Johan Kero (IRF)Date:
AniaraThe Chelyabinsk superbolide and IRF meteor observation activities
Swedish Institute of Space Physics
The atmospheric impact on 15 February 2013 above Chelyabinsk, Russia, of a 17 to 20 metre-sized asteroidal boulder has increased the public interest of bright meteors. Events with a visual magnitude brighter than the albedo of the planets are usually called fireballs. Exceptionally bright ones are called bolides. The Chelyabinsk superbolide was brighter than the Sun. It transferred a large fraction of its kinetic energy to the atmosphere at 25-30 km altitude in form of an airburst. The airburst had an equivalent energy of about 500 kilotons of TNT or 30 times the A-bomb over Hiroshima. It generated low-frequency infrasound that was detectable even after having propagated twice around the globe. A major part of the impactor mass formed a dust plume, which later circumnavigated the northern hemisphere. The largest meteorite fragment recovered on the ground has a mass of 654 kg.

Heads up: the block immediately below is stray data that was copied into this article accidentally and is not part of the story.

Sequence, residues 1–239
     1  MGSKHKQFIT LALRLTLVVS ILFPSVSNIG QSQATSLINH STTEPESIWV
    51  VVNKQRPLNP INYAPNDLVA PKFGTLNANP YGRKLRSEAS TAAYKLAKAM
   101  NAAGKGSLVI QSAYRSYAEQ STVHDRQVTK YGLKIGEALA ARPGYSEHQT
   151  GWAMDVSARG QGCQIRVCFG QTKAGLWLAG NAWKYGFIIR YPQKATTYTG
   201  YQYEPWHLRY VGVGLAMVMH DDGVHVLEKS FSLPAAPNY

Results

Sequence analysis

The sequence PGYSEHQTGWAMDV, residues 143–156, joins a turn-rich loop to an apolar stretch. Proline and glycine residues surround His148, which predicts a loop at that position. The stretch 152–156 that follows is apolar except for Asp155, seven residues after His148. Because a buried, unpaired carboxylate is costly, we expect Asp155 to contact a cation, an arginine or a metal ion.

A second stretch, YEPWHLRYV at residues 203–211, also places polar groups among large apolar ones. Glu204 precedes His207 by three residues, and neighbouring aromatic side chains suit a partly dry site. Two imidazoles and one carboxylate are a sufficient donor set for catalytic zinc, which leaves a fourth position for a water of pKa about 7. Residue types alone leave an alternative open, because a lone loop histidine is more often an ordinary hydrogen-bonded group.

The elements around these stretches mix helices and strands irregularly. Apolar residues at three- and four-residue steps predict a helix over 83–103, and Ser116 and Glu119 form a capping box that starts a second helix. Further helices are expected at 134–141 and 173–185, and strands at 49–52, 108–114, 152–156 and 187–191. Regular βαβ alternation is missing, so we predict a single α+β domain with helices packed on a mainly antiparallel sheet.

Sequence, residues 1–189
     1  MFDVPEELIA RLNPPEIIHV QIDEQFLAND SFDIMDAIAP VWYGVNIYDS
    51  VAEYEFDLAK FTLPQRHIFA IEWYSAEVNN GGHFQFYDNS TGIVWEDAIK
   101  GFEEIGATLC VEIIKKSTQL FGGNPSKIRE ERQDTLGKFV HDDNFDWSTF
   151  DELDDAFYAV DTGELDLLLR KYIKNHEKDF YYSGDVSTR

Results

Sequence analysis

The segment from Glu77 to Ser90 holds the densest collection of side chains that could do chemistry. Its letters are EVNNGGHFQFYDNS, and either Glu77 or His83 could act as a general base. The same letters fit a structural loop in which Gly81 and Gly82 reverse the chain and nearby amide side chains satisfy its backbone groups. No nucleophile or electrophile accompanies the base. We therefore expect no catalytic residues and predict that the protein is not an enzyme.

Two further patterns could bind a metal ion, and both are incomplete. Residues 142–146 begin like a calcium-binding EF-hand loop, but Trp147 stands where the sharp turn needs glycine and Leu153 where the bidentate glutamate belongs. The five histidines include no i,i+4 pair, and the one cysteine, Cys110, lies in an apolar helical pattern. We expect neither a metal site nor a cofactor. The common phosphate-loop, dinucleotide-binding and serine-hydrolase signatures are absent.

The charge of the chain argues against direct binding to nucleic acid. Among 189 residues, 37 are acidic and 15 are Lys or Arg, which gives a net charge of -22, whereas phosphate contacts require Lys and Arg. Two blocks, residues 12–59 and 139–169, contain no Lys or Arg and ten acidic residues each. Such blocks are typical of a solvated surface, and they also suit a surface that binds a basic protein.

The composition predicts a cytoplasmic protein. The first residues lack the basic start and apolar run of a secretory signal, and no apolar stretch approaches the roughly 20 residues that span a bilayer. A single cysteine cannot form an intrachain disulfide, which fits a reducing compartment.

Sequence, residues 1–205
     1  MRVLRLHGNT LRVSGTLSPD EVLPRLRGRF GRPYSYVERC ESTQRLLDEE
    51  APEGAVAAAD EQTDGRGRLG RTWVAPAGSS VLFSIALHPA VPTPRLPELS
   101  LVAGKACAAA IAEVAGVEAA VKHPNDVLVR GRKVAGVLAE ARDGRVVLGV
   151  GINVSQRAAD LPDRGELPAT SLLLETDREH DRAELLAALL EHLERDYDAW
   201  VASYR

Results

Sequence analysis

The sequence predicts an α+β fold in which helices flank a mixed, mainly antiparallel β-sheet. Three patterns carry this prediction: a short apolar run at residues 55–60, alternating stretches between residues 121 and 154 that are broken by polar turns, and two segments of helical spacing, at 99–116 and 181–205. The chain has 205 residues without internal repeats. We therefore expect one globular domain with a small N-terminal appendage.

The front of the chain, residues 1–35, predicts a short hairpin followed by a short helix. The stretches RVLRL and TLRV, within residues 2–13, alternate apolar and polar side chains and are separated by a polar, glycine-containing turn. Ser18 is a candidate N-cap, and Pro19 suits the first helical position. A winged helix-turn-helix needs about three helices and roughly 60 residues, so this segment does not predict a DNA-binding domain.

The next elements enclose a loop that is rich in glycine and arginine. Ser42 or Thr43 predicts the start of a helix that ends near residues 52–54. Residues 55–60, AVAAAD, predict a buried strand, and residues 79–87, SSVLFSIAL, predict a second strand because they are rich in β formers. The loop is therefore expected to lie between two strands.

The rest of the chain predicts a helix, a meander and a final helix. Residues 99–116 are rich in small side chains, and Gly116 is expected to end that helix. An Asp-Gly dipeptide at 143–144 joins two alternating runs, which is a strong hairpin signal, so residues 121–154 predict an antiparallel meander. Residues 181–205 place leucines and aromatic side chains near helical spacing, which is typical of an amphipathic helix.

A nationwide Swedish Allsky Meteor Network to catch bright meteors, initiated at Uppsala University, is currently under development. The first video station in Uppsala is in operation since February 2014. IRF operate stations in Kiruna and Abisko since January 2015. The video network complements other meteor observation activities, as radar observations of mostly invisible meteors and infrasound observations of bolides.Created 2015-01-20 10:04:00 by Mats HolmströmLast changed 2015-03-03 11:38:34 by Mats Holmström